We need to look for companies that are transparent about the fact that trace amounts of lead may be present in their base ingredients. We should support companies that work hard at minimizing the amount of lead present by testing and sourcing the best ingredients as well as testing the finished product.
There are safer lipsticks available from companies that strive to source the healthiest ingredients possible. Vapour Organic Beauty is one of them.
Safe Lipstick Brand - Vapour Organic Beauty
Vapour Organic Beauty's commitment is to educate their customers so they understand what is cause for concern and what is not. They take their ingredient sourcing very seriously and monitor each new mineral pigment they include in their palette to make sure the lead risk is negligible.
Vapour's test results indicate lead levels substantially under one part per million.
Vapour has gone above and beyond the issue of lead, and is the only cosmetics line that has gone to the lengths of using ONLY non-irradiated mineral pigments.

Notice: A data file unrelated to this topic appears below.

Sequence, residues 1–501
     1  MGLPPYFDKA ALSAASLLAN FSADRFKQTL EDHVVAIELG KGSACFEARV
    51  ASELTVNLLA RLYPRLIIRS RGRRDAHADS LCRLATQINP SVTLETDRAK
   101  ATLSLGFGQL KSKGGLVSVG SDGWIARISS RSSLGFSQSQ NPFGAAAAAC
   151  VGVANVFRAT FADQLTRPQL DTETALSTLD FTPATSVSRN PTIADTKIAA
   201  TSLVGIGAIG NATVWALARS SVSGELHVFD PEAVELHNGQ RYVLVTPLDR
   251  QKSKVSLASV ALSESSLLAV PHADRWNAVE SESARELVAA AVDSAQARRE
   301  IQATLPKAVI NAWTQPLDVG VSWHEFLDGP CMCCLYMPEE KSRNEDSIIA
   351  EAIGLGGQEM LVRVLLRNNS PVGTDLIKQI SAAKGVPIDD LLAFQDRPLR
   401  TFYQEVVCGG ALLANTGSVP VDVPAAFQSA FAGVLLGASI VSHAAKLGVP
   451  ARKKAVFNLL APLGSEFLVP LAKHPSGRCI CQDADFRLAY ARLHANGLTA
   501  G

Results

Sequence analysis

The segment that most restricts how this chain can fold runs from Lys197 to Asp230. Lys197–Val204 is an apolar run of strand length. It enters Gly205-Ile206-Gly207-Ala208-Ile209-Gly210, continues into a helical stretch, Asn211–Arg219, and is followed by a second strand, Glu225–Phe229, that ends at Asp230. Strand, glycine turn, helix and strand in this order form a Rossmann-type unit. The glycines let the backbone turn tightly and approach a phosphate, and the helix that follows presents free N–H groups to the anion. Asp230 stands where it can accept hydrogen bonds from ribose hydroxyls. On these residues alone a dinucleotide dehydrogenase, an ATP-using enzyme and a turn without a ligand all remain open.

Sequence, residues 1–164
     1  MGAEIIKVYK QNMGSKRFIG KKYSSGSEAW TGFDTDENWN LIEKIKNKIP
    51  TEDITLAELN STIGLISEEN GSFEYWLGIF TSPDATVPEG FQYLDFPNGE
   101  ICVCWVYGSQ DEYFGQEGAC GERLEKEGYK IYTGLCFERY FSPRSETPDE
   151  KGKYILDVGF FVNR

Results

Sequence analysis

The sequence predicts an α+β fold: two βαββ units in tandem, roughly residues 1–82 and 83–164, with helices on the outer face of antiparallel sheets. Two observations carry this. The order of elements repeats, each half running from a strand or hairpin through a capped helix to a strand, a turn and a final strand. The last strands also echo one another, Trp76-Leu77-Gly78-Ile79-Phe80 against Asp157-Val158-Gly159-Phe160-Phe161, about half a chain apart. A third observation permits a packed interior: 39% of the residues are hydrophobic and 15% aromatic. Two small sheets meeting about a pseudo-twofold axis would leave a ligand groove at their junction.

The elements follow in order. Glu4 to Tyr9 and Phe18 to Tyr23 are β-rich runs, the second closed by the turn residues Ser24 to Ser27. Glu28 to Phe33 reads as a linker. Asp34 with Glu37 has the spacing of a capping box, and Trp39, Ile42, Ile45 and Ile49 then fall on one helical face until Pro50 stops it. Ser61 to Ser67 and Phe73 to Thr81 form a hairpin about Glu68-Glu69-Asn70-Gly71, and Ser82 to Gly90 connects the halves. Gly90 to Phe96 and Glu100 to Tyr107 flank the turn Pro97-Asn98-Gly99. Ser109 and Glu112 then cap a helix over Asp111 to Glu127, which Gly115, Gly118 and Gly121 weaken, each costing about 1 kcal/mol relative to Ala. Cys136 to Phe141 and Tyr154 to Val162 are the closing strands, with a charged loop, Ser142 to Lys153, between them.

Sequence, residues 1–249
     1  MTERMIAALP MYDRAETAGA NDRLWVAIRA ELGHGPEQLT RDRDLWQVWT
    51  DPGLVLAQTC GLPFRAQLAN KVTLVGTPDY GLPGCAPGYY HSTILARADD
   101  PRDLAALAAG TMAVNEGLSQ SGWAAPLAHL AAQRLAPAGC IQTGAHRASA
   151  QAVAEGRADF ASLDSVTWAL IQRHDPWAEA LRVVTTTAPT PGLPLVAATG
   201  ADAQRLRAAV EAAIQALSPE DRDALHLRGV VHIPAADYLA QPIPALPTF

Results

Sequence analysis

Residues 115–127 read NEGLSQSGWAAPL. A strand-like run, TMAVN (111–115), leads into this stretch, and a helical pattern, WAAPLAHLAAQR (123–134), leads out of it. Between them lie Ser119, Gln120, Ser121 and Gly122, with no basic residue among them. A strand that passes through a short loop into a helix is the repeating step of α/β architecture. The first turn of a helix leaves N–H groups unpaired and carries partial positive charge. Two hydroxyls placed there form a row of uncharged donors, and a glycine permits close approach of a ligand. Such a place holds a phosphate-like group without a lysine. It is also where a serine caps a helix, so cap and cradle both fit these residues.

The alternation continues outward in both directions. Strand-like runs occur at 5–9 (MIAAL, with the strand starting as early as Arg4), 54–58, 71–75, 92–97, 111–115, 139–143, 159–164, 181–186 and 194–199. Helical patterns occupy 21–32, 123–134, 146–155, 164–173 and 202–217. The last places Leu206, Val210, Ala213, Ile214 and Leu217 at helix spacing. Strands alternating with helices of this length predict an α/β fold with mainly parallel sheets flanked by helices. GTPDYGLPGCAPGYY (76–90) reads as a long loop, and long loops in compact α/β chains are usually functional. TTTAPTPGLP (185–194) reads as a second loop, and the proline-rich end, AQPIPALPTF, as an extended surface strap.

Pigments are tested by the FDA and batches of pigments are held in quarantine until they pass inspection. One of the things being tested for is the presence of bacteria. There are two ways to insure that a pigment is free from bacteria: radiation or exposure to high heat.
Vapour's co-founder and formulator, Kristine Keheley, prefers to use only non-irradiated, high heat treated pigments. She has done detailed research to source only non-irradiated pigments for Vapour. Being a two time breast cancer survivor, it has been her mission to provide all women with safe cosmetic choices.
Vapour Organic Beauty proudly stands by the fact that their products are safe for women with transparency as a top priority.
Lead is a concern, and rightly so. We want to keep our exposure to a minimum. When you ingest a small amount of lead from your lipstick, it accumulates in your body.
Lead is found in mineral pigments and is present in all lipsticks. The best decision a consumer can make is to buy lipstick from a company that is honest about this fact and strives to keep levels as low as possible.
To stay safe, it is recommended to only apply lipstick 2 - 3 times a day max, and to not let young children play with lipstick. Sourcing lipstick that is shown to be low in lead is best.
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Yours In Beauty,